There is a stage in every great software hacker's life when he or she feels that his or her contributions should be acknowledged. For example, Steve Wozniak, one of the truly great hackers, wrote a book called iWoz in 2006 in which he removed any misconceptions people had over his technical role at Apple, a company that has come to be identified with Steve Jobs.

Stallman has always sought to have the GNU contribution acknowledged by using the name GNU/Linux instead of Linux. he is not incorrect - Linux is the name of the kernel. It is a reasonable request but does not find many takers, some arguing that it makes the name clumsy. His insistence on this name has not contributed to his popularity.

Stallman has other detractors too, people who release software under more permissive licences like those which the BSD operating systems use; code under such licences can be taken and locked away in proprietary programs, something which the GPL does not permit.

Stallman's argument has always been that he is about long-term freedom; the BSD people, in turn, say that he produces software which is not fully free. They interpret the term free as gratis, its common meaning.

For Stallman, it goes much deeper than that. It may have seemed illogical at the time but he was always thinking long-term and the GNU project has reached 25 in very good shape.

The emergence of open source in 1998 as a term designed to remove the confusion over the meaning of the word "free" in free software has not sat well with Stallman. Though this was to some extent a valid reason, in some cases it was chosen to "appeal instead to executives and business users, many of whom hold an ideology that places profit above freedom, above community, above principle."

There have been some legendary flame wars over the terms "free software" and "open source." They both "describe the same category of software, more or less, but say different things about the software, and about values."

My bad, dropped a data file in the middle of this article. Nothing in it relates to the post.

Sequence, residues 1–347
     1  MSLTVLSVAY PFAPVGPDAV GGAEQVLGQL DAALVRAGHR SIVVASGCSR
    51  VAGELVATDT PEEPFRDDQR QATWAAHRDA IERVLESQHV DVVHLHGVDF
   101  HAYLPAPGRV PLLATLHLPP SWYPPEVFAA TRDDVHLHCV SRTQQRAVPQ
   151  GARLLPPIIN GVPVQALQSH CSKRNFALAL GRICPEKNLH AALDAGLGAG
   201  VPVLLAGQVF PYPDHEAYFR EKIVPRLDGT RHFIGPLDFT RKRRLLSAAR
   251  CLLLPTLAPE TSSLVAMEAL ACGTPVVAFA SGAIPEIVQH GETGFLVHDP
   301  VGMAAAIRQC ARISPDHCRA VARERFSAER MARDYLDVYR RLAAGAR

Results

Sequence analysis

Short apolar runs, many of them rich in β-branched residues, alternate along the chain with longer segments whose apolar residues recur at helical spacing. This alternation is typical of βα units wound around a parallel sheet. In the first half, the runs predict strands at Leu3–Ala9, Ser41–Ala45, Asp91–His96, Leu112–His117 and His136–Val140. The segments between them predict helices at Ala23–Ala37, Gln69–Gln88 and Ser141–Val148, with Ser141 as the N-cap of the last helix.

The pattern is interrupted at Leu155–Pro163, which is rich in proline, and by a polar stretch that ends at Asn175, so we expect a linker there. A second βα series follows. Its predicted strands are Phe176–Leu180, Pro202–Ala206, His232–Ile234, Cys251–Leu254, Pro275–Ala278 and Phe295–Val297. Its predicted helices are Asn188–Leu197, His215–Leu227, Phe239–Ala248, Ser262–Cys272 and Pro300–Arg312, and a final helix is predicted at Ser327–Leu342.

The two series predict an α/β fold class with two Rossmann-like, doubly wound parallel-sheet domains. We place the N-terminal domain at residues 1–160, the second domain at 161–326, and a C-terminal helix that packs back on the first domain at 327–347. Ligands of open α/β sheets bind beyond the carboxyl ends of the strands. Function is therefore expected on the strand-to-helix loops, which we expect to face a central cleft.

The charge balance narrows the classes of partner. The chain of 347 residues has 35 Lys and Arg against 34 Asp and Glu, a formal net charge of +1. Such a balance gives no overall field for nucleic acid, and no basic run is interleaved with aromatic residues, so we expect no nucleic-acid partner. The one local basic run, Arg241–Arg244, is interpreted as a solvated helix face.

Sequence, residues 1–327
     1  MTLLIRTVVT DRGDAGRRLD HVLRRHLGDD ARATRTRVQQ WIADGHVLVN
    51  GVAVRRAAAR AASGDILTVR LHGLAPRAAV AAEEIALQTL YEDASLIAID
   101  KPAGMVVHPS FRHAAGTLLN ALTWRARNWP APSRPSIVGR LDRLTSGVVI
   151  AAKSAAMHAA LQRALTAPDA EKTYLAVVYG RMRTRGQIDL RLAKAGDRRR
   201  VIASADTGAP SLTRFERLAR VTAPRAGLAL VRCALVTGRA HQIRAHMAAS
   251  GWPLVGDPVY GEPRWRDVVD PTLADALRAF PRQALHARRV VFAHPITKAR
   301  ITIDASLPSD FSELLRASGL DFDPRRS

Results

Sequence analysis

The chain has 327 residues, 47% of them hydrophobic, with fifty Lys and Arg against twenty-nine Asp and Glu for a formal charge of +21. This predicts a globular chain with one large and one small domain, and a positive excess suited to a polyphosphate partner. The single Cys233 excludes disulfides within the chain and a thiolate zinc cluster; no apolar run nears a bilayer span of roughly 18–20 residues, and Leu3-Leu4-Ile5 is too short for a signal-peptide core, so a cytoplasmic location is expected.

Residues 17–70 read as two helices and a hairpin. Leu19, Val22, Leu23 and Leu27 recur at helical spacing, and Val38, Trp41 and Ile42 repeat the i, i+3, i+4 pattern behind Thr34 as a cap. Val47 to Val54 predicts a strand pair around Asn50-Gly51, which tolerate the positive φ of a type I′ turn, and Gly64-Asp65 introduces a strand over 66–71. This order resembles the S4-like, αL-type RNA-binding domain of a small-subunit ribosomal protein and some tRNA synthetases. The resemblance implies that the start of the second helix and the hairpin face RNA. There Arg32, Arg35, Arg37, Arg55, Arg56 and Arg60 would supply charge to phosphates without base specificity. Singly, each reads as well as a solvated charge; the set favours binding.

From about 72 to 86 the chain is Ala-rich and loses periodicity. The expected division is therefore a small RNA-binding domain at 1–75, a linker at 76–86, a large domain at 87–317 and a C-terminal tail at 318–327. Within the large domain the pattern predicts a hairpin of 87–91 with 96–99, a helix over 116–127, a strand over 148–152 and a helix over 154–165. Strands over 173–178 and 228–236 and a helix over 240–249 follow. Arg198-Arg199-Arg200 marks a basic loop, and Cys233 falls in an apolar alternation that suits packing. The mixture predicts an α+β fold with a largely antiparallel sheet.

But despite all the arguments, the use of FOSS as it is often called, has grown and grown. At times, the growth has been due to political reasons, at others due to cost. But there is an overriding factor - quality.

Peer review has ensured that a great deal of the software developed by free software projects has been coded well. There are big projects (like Debian GNU/Linux) and smaller ones (like Slackware) but the common trait has been attention to detail.

Nobody can predict the future and it is impossible to say in which direction the free software train will travel over the next 25 years. Many of those who are reading this may not be around to see the next major anniversary. For the time being, we should all thank our stars for the maverick who had the courage to get the ball rolling.

All quotes in this article are taken from The GNU Project




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Sam Varghese

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Sam Varghese has been writing for iTWire since 2006, a year after the site came into existence. For nearly a decade thereafter, he wrote mostly about free and open source software, based on his own use of this genre of software. Since May 2016, he has been writing across many areas of technology. He has been a journalist for nearly 40 years in India (Indian Express and Deccan Herald), the UAE (Khaleej Times) and Australia (Daily Commercial News (now defunct) and The Age). His personal blog is titled Irregular Expression.